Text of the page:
Reports of the death of print have apparently been greatly exaggerated. Despite the downward economy, Examiner Media has been proving over the last four years that newspapers can survive, and even thrive.
The White Plains Examiner, a new free weekly newspaper, will appear in newspaper boxes and at local businesses, hospitals, and municipal buildings on Tuesday. It will be the fourth newspaper launched by Examiner Media since it was founded in 2007 by Adam Stone, who serves as publisher for all of the papers.
As the Westchester County seat, White Plains presents a “unique situation” to provide comprehensive coverage of the city, and its inner workings—including its schools, events and local sports—according to Stone, 33.
Coverage will also include surrounding towns like Greenburgh and Harrison, which will receive “some light coverage” from the get-go.
Like the company’s previous papers—The Examiner, The Putnam Examiner, and The Northern Westchester Examiner—the White Plains edition may gradually expand its coverage areas, Stone said, in an “organic” manner and “not part of some long-term strategy.”
Hastings-on-Hudson resident Andrew Vitelli, 25, will serve as editor for The White Plains Examiner. Vitelli joined the company in 2009 to work on the then newly launched Putnam Examiner. He says he is familiar with the city, and has always followed the local sports scene.
Vitelli's vision for the paper is to “give insight into what’s going on politically and governmentally on the local level.”
“People like reading about themselves and their kids in the paper,” Vitelli said. “They want to be kept informed about decisions that affect their kids. It’s really important that we recognize that, and do a good job covering it.”
Stone says the secret to his company’s success is having a “virtual office,” leaving out the costs that come with having a brick-and-mortar headquarters. Stone refers to his headquarters as “my BlackBerry,” however the company's P.O. Box is based in Mount Kisco, where Stone resides.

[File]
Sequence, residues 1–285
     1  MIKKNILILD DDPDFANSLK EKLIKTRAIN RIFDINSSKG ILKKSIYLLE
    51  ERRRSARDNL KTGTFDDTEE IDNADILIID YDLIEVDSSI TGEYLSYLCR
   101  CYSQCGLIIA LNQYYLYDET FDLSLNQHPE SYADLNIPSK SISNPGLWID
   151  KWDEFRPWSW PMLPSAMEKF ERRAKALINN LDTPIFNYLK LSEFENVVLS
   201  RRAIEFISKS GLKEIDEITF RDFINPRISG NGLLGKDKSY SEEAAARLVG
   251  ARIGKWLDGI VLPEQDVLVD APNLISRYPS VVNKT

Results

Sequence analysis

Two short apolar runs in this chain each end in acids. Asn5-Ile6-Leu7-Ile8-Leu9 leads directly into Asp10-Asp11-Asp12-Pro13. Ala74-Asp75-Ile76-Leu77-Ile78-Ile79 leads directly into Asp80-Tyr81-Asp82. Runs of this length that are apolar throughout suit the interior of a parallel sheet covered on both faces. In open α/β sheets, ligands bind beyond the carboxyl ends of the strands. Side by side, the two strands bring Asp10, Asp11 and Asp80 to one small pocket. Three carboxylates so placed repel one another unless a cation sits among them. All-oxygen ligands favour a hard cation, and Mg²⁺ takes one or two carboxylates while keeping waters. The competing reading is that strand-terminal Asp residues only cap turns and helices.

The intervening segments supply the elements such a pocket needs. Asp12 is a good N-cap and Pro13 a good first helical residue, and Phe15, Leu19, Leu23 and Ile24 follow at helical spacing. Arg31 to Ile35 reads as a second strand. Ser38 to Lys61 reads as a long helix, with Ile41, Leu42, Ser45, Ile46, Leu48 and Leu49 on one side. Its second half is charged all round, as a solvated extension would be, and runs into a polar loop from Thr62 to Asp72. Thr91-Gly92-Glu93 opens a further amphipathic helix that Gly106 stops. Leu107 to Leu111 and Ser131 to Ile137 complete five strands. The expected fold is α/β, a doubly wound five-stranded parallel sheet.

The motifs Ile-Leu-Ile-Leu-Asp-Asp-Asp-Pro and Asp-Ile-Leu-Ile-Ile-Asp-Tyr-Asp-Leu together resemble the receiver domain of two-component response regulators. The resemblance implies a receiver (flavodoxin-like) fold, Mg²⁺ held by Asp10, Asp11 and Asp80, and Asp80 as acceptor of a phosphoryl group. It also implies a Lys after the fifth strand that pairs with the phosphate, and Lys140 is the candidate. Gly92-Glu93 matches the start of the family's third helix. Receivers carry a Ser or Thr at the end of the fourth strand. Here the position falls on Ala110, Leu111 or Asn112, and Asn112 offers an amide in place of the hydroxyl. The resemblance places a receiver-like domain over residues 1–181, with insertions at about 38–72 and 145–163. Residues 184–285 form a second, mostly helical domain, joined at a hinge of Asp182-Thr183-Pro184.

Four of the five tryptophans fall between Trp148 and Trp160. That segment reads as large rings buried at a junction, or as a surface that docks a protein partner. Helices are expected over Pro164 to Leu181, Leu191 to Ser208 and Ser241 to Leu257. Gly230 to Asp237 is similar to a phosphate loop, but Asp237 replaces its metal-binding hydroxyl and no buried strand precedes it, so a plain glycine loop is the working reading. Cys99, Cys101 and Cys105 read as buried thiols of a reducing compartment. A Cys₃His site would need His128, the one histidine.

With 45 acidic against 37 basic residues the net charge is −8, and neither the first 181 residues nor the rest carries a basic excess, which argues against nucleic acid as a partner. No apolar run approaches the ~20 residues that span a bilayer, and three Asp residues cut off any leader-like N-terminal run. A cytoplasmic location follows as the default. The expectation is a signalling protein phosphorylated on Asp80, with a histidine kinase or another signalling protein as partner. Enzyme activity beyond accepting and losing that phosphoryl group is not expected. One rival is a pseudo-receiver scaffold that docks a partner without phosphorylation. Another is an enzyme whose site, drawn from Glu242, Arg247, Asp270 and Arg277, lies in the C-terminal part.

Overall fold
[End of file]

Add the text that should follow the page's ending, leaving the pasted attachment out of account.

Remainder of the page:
“We’re doing something old-school with new methods,” said Stone. “We don’t even see each other sometimes.”
The company has about two-dozen people working across its four editions—half are staff members, half are freelancers, including: designers, editors, news and sports reporters, photographers, and administrative staff.
The free-paper business model is also a key to the company’s success, with the lack of postage costs and direct delivery as “a huge help,” according to Stone. Stone said penetrating the marketplace is less of a challenge when the paper is free, but of high quality.
“As a free newspaper, you quickly and automatically capture a good readership right out of the gate,” he said.
Since the company’s papers are distributed at local businesses, advertisers are actually the distribution point.
“So they anecdotally see the traffic that the paper generates,” he said.
Advertisers often base their decisions on the level of excitement and involvement they see from their own customers. Though “Main Street” advertisers are the company’s bread and butter, Stone said, larger advertisers are in the mix.
“I think now that we have four papers, we will have clients that want to buy into all four markets,” he said. “The more we grow, the more regional advertisers we’re able to attract.”
To start, the circulation will be about 6,000 for The White Plains Examiner alone. Across the four papers, circulation will be about 25,000, according to Stone.
The company bought about 20 newspaper boxes from Patricia Casey, the publisher of the White Plains Times—which stopped printing this past spring, and still maintains its website at WPTimes.com.
Casey serves as a consultant to Examiner Media, and will write for the new publication, as well as help with advertising sales and special projects. She’s working on special sections, with new sales people and writers—as well as developing a new magazine that will be published by her own company, Urban Village Publishing.
Tentatively titled The Conscious Examiner, the monthly magazine will focus on people and businesses that are creatively addressing environmental and economic issues. Casey hopes to follow the market “where the community heart is,” as opposed to simply where the money is by focusing on “forward-looking, new ideas.”
Casey’s magazine and the Examiner papers will co-promote one another, and present opportunities for advertisers to buy space across the publications.
The White Plains Times website will eventually change to move with the magazine, and discussions are underway for possibly creating a Web portal with other entities, Casey said.
The Examiner Media maintains a website, at TheExaminerNews.com, which covers all four papers. A White Plains tab is already on the site, where full PDFs of issues are posted a week after the print issue comes out.
Though in many ways he’s an expert on modern publishing—Stone admitted that he’s feeling his way, as far as best business practices and the decisions that go into running the papers.
“Like all of 21st Century publishing for all of us, it’s a work in progress," he said.